Part 1: Effects of Unintended Pregnancies on Young Mothers
Whether a woman is in high school or college, having an unintended pregnancy can have life-altering effects for both her and her child. For teenage mothers, there are many barriers to gaining an education and having economic stability. Completing high school and continuing onto higher education is crucial for attaining a well-paying job. Unfortunately, only 38% of mothers who have their child before they turn 18 receive a high school diploma and an additional 19% get their GED. Thirty percent of teen girls who have dropped out of high school cite pregnancy or parenthood as a reason. In addition to the loss of education, teen mothers are at a much higher risk to live at or below the poverty level. Over 40% of mothers who gave birth as a teenager live at or below the poverty level within one year of giving birth. This percentage increases to 50% by the time the child turns three.
Even if a teenage mother is able to successfully complete her high school degree, she faces additional barriers to earning a college degree. In 2012, 4.8 million college students were supporting children of their own. Pregnant and parenting students often have difficulties finding childcare and support while enrolled in school. For example, although student parents are in clear need of assistance, few states approve college attendance as a work activity, which is a requirement to receive funding from Temporary Assistance for Needy Families (TANF). Eighty-eight percent of single parents attending college live at or below the 200% poverty level with the vast majority of these parents being women. Sixty-one percent on women who have a child after enrolling in community college do not complete their education.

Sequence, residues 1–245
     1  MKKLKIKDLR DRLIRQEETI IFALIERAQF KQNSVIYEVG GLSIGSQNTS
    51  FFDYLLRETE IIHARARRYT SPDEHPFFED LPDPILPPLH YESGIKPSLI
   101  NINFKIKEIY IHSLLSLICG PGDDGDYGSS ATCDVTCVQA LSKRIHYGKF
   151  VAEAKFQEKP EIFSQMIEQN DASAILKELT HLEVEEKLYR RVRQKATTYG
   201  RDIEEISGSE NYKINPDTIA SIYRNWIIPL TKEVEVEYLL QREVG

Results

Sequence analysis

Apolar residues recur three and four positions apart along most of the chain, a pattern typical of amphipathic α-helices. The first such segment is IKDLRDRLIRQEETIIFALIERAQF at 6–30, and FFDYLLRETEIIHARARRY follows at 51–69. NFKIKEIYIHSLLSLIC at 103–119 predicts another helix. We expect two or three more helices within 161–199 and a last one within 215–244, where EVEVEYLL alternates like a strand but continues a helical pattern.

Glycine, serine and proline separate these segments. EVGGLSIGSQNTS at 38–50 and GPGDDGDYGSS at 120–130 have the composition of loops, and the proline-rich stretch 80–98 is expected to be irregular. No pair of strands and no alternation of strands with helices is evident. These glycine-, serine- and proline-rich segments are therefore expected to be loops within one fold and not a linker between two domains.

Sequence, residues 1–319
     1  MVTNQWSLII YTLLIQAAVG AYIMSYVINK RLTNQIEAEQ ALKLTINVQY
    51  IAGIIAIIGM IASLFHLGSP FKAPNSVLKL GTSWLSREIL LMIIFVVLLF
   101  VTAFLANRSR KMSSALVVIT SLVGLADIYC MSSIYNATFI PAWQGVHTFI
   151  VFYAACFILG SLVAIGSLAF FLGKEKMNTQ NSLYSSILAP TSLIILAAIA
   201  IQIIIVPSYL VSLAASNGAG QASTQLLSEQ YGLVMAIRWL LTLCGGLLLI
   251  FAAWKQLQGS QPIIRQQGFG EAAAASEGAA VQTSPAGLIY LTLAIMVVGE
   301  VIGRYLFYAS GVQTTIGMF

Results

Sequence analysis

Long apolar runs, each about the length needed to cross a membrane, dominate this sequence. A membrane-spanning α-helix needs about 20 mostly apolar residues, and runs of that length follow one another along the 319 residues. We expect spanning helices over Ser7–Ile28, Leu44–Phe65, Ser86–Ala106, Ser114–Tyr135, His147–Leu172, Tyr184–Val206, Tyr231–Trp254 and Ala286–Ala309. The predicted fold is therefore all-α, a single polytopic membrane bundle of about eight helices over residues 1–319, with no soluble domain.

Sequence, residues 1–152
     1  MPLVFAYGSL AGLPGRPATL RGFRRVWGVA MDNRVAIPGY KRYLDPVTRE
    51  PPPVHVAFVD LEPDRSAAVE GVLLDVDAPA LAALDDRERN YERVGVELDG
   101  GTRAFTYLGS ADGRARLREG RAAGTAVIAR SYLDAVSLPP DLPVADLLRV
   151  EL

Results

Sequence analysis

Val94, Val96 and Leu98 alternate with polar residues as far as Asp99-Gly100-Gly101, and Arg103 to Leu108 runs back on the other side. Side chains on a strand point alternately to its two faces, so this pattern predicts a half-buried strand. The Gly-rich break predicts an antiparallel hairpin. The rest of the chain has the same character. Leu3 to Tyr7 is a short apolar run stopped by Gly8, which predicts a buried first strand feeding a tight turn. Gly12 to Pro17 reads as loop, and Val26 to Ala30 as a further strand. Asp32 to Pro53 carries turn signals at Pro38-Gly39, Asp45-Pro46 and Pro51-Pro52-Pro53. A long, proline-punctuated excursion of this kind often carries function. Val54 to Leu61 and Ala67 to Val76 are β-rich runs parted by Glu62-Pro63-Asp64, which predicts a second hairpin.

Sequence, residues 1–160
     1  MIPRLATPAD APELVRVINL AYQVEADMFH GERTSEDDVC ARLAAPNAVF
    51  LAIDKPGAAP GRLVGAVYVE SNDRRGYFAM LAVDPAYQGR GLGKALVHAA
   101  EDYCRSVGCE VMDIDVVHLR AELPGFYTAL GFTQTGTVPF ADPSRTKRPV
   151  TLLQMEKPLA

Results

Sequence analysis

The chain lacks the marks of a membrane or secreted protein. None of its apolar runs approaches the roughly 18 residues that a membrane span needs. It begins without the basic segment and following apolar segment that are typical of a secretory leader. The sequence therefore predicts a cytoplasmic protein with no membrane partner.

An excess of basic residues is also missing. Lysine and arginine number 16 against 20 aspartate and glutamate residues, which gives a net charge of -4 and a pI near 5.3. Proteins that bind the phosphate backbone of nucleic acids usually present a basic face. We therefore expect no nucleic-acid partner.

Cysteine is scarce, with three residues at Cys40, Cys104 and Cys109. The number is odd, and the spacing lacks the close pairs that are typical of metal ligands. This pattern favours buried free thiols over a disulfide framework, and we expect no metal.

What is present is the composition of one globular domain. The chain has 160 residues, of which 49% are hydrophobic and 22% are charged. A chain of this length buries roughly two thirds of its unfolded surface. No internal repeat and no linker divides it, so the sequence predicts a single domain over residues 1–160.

In addition to the burdens mothers face, the children of young mothers are also affected throughout their life-course. They are more likely to be born premature and/or have a low birthweight, leading to an increased risk for additional health problems. Having a child at a young age negatively affects how well the child performs on early childhood development indicators and standardized tests. Children of teen mothers are less likely to complete high school (66%) compared to children born to older mothers (81%). They are also more likely to live in poverty, end up in the child welfare and correctional systems, and become teen parents themselves.
To break the multigenerational cycle of poverty and lack of educational attainment, it is important to understand the barriers young mothers and their children face. Check out our website to see how we are providing free and low-cost family planning services. Our Services and Resources pages offer especially helpful information to mothers in need of assistance.
– Erica Freese, MPH student intern